Help explaining KH and GH? - The Planted Tank Forum
 
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post #1 of 6 (permalink) Old 01-25-2008, 08:26 PM Thread Starter
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Help explaining KH and GH?

Anyone able to better explain how these related to parameters? Also, what parameters should I be testing for?

pH, Ammonia, nitrites and nitrates anything else?

My 29 gallon planted:
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post #2 of 6 (permalink) Old 01-28-2008, 01:00 PM Thread Starter
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nobody knows what this means? lol... Ive been doing my reading and Ill update with what I have found soon.

My 29 gallon planted:
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post #3 of 6 (permalink) Old 01-28-2008, 01:32 PM
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https://www.plantedtank.net/forums/wa...-hardness.html

https://www.plantedtank.net/forums/wa...ness-test.html

New tank: Test ammonia and nitrite for fish health/cycle. Test alkalinity and hardness so you understand your water source.

Established tank: Test nitrate (to keep it high enough as plants consume it) and phosphate (same reason as nitrate)
pH as a means to measure CO2 if you are adding CO2

Then as you start to understand dosing (EI or others), you will test less frequently.

Kevin

72g bowfront planted, CO2, 4x - T5HO, Eheim 2213 and 2217, 2 angels, pristella tetras, blue tetras, betta, albino bristlenose pleco, albino cories. Sword, vals, hygros, ludwigias, java moss and fern, anubias

2g Mac-quarium. Clown gravel, fluorescent plastic plants, and 2 guppies.
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post #4 of 6 (permalink) Old 01-28-2008, 01:33 PM Thread Starter
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Heres a good starting place... http://www.drhelm.com/aquarium/chemistry.html

Ill summarize for everyone, in case anyones curious:

pH
Defines how acidic or alkaline the water is. It equates to the amount of hydrogen (H+) and hydroxide (OH-) ions are dissolved in a solution. A solution that has equal concentrations of hydroxide and hydrogen is termed neutral with a pH value of 7. A higher concentration of hydroxide ions would return a value above 7 or alkaline. A higher concentration of hydrogen ions would return a value below 7 or acidic. The pH scale is logarithmic, in other words, each step up or down is 10 times that of the previous one. A pH of 6 is ten times more acidic than a pH of 7. A pH of 5 is a 100 times more acidic than 7 and so on.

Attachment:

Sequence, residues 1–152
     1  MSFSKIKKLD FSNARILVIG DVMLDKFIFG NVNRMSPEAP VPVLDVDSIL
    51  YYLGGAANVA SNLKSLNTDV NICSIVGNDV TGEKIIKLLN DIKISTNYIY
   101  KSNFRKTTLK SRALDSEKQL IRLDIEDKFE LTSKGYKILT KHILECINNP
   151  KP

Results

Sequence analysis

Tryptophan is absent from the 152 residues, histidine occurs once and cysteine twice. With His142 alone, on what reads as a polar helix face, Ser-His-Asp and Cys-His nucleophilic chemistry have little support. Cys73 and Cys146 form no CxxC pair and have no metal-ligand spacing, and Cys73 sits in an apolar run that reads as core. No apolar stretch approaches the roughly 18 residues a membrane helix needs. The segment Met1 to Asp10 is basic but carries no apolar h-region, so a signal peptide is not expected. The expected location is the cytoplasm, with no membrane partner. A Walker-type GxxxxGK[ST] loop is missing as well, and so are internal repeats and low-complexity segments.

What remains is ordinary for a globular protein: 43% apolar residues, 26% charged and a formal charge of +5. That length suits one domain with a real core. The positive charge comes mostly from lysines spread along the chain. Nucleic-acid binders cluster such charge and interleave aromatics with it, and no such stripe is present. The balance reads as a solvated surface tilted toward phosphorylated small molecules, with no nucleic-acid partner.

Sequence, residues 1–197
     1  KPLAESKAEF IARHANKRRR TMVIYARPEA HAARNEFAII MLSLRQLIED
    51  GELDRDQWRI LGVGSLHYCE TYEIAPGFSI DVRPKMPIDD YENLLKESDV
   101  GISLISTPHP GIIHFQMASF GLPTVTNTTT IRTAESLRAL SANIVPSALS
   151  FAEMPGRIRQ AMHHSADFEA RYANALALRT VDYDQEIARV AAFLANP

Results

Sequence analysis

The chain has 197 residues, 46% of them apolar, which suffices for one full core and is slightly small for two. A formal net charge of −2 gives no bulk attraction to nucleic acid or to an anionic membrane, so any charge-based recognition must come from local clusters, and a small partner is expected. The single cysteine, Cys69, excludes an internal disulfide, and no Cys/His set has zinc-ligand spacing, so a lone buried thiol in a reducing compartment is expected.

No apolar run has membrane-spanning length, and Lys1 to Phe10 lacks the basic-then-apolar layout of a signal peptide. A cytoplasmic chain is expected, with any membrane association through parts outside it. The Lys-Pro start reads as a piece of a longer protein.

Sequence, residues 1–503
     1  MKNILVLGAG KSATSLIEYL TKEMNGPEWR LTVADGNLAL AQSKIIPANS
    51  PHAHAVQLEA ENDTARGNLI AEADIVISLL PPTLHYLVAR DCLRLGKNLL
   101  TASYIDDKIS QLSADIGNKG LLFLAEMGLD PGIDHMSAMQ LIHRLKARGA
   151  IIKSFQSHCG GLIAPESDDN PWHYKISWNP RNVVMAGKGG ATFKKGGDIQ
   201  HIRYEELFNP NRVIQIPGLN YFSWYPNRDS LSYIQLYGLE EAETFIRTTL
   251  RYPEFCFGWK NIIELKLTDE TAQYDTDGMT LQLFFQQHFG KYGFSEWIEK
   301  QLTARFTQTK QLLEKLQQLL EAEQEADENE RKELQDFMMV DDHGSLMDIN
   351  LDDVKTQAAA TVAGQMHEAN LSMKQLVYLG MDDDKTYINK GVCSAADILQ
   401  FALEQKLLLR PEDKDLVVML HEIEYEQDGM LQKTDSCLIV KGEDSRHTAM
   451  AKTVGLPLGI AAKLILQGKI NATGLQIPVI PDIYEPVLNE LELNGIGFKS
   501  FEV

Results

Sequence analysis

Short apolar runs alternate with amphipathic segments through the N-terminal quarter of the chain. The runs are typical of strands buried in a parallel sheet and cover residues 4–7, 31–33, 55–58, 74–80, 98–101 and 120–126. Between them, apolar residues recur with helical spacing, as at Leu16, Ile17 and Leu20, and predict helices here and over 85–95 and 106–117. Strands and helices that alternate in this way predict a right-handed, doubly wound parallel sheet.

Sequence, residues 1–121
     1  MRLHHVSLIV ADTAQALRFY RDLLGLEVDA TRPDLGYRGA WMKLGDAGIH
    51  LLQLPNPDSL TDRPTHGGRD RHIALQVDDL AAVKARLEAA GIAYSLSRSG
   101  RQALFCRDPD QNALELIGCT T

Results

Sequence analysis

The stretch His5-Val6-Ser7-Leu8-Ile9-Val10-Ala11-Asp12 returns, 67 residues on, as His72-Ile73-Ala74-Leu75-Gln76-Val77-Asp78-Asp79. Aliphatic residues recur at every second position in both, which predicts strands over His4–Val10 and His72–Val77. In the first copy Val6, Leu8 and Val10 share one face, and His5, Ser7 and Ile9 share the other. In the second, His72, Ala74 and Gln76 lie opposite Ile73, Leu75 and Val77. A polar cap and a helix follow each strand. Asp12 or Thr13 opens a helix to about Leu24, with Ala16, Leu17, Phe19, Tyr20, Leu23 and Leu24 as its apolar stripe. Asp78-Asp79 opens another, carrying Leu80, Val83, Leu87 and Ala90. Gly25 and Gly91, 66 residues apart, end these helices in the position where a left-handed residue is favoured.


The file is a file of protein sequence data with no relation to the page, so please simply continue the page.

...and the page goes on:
Most freshwater fish live within a pH range of 5.5 to 7.5 (African chiclids can go up to 8.4). Since the scale is logarithmic, this range represents a variation of over a 1000 times. Even an apparently small change in pH can affect fish, causing stress or death.
The consequences for fish are many and varied. It affects their breathing ability. High acidity or alkalinity can cause direct physical damage to skin, gills and eyes. Prolonged exposure to sub-lethal pH levels can cause stress, increase mucus production and encourage epithelial hyperplasia (thickening of the skin or gill epithelia) with sometimes-fatal consequences.
There are indirect consequences that can also affect fish. Changes in pH will affect the toxicity of many dissolved compounds. For example, ammonia becomes more toxic as pH increases. Fluctuations in pH, even though they may still be within the preferred range, can be stressful and damaging to fish health. Nitrifying bacteria, essential in the conversion of ammonia to nitrate also have a pH range preference, which is between 7.5 and 8.6. Variations in pH will also have an effect on some disease treatments. Chloramine-T is more toxic at low pH, while potassium permanganate is more dangerous at high pH.

Ways to lower pH

∑ Filtering water over peat
∑ Add bogwood to the tank
∑ Inject carbon dioxide CO2
∑ Use a commercial acid buffer
∑ Water changes with softened water or RO (Reverse Osmosis) water

Ways to raise the pH

∑ Aerate the water, driving off the carbon dioxide (CO2)
∑ Filter over coral or limestone
∑ Add rocks containing limestone to the tank or use a coral sand substrate
∑ Use a commercial alkaline buffer


Water Hardness
Hardness is a measurement of the concentration of metal ions such as calcium, magnesium, iron, and zinc. Most of these concentrations are acquired as rain water passes over rocks. In most water it consist mainly of calcium and magnesium salts, with trace amounts of other metals.
There are two types of hardness that we need to consider. Permanent hardness and alkalinity (often referred to as carbonate or temporary hardness) (kH). The sum of both types of hardness is called general hardness (gH)

Alkalinity or temporary (carbonate) hardness (kH) refers to the hardness derived mainly from carbonate and bicarbonate ions and directly reflects the buffering capacity of the water. Permanent hardness measures ions such as nitrates, sulphates, and chlorides etc, and cannot be removed by boiling.
While there is a connection between water hardness and buffering, hardness is a product of mainly calcium and magnesium ions and buffering is produced by bicarbonate and carbonate ions. As mentioned earlier, hard water is usually well buffered and soft water is usually less buffered. It is possible though, based on different water compositions, to have hard water that is poorly buffered or soft water that is well buffered. The way to establish the makeup of your local water is by using a test kit and test for both gH (general hardness) and kH (temporary hardness).
kH